UBC Undergraduate Research

An investigation into using electricity harvesting exercise equipment as a competition-based game Louie, Edmond; Tse, Gary; Chang, Hua; Smyth, Tom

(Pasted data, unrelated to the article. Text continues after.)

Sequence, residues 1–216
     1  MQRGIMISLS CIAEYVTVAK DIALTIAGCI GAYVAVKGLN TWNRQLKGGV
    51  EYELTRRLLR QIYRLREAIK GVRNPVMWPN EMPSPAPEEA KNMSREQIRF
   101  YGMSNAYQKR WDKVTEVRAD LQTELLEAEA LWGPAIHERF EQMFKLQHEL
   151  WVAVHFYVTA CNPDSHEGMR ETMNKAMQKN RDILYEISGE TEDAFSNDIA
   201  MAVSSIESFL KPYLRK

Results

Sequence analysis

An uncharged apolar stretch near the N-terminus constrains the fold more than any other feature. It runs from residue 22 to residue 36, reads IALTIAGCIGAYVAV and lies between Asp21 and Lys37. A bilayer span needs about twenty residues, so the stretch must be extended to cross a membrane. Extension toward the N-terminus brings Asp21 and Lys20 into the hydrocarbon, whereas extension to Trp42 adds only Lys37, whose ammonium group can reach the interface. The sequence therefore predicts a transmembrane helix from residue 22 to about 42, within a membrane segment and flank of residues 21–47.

This report investigates the feasibility of installing electricity harvesting exercise equipment as part of a display in the atrium of the new Student Union Building. This display’s purpose is to increase energy awareness, fit the exercise-needs of students, and produce renewable electricity. Three companies that provide electricity harvesting exercise equipment that are investigated in this report are ReRev, PlugOut, and Human Dynamo. After performing a triple bottom-line assessment, it is concluded that installation of electricity harvesting exercise equipment would promote physical fitness, be reasonable to implement, and work well with other displays in encouraging energy conservation awareness at the new Student Union Building. The PlugOut visCycle is chosen as the best option for implementation as it is economical, environmentally friendly, easily installable, and students surveyed have shown interest in stationary bikes over the elliptical machines or the human dynamo system. This report recommends that two PlugOut visCycles be purchased for integration into a display at the atrium of the new Student Union Building that allows students to race, keep track of the electricity they have produced, and keep track of the amount of carbon emissions that they have offset. A recommendation is also made that discounts at the new building’s vendors based on electricity generated be offered to students as an incentive. However, contacting vendors for particular discounts has been determined to be beyond the scope of this paper. Overall, this paper predicts a significant social impact, at a price much lower than other displays with similar goals such as the Pavogen step system currently being investigated for implementation. Surveys show a strong student interest in the implementation of the recommendations of this report, supporting its predicted success. Disclaimer: “UBC SEEDS provides students with the opportunity to share the findings of their studies, as well as their opinions, conclusions and recommendations with the UBC community. The reader should bear in mind that this is a student project/report and is not an official document of UBC. Furthermore readers should bear in mind that these reports may not reflect the current status of activities at UBC. We urge you to contact the research persons mentioned in a report or the SEEDS Coordinator about the current status of the subject matter of a project/report.”

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